We all board the bus at 10pm, I get comfy and before we know it the bus is quiet and we all fall asleep. Around 3am we are awakened to disembark for our first stop, exiting Peru. The process was long with no toilet facility, so gratefully it was not so cold. The Peruvians can be a little annoying in lines, particularly when there are a lot of tourists, they push in constantly, sometimes they are told to go back to the end of the line by an official and luckily just as I was at the head of the line, my pushy Peruvian was told to go back.
No problems with this crossing, we all pile back into the bus and around an hour later we were awakened again for the next border crossing, this time into Ecuador. More lines, more forms, more impatience and then finally a stamp in my passport and tourist visa. Eventually we are back on the bus. I am feeling very relieved, none of the warnings had come to fruition. I slept for a little more and then watched the changing scenery rush by. Ecuador is much greener than the desert we had left behind in Peru.
Guayaquil (population 2,119,000 approximately) 10th-12th July
Ecuador’s biggest city is an oppressively hot, noisy and chaotic place. Guayaquil has come a long way from its dismal days as a dangerous port town offering nothing but trouble to the visitor. The city has transformed the once crime-ridden waterfront along the wide Rio Guayas into as 2.5 km outdoor showpiece, Malecón 2000. At the northern end of the Malecón is the historical neighbourhood of Las Peńas, refurbished into and idealised version of a quaint South American hillside village – brightly painted homes, cobblestone alleyways and all. The stairway winding up Cerro Santa Ana has views from the hilltop fort, called Fortin del Cerro and there is a lighthouse as well. Guayaquil’s principal downtown thoroughfare, Calle 9 de Octubre, has also been restored. All flights to the Galápagos either stop or originate in Guayaquil.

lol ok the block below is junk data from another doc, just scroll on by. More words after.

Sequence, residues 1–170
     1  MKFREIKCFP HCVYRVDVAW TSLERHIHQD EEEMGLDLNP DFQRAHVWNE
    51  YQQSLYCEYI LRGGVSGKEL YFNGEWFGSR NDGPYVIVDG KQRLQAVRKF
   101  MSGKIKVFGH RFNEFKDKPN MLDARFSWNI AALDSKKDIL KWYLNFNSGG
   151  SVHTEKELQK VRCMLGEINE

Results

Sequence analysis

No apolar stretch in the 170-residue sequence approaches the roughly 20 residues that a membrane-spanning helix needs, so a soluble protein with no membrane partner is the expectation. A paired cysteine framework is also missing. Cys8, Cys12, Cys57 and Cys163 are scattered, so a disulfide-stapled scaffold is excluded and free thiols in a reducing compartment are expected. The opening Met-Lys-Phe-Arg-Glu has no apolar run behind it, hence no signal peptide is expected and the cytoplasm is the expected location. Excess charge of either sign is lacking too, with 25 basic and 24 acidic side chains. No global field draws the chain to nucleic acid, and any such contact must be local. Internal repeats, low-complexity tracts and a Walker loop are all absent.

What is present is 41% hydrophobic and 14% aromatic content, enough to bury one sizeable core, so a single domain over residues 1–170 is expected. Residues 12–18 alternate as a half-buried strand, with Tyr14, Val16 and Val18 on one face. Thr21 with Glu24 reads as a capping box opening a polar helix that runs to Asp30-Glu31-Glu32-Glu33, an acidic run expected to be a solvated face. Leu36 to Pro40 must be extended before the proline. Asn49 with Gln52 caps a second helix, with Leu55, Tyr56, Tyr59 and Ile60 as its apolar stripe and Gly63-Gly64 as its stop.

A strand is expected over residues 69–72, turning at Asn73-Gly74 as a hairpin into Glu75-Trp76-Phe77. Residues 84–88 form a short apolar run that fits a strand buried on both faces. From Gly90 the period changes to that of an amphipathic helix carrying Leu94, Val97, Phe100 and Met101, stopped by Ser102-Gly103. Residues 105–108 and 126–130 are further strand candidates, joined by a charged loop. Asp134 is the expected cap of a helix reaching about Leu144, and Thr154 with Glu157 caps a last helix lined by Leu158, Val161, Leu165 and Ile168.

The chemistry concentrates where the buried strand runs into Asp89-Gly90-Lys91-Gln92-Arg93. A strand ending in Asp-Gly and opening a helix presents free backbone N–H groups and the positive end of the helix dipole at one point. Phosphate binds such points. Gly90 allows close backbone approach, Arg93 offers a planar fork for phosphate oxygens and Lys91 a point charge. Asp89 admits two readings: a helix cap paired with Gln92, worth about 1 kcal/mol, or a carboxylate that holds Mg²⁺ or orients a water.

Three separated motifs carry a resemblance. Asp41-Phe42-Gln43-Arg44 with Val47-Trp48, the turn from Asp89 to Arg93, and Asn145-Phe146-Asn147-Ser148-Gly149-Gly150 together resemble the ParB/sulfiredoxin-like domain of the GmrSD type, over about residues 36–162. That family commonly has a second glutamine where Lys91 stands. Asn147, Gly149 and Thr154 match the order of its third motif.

I arrive in Guayaquil around 8am, pick up my pack and head for the taxi to take me to my Hostel. I slept reasonably well considering it was in a semi-cama, the seat only goes back 90 degrees, no flatbed this time, though I am really looking forward to a shower. The taxi takes me through the city and I can see it is indeed a large and overcrowded city. I arrive at the hostel and the taxi driver was kind and rang the bell and waited till it was answered before he left me. In South America all houses, shops etc have grill/wrought iron doors onto the street, than a timber door to enter the house. Usually no one can enter without a key or using the bell to have someone open the door for you. Great for security.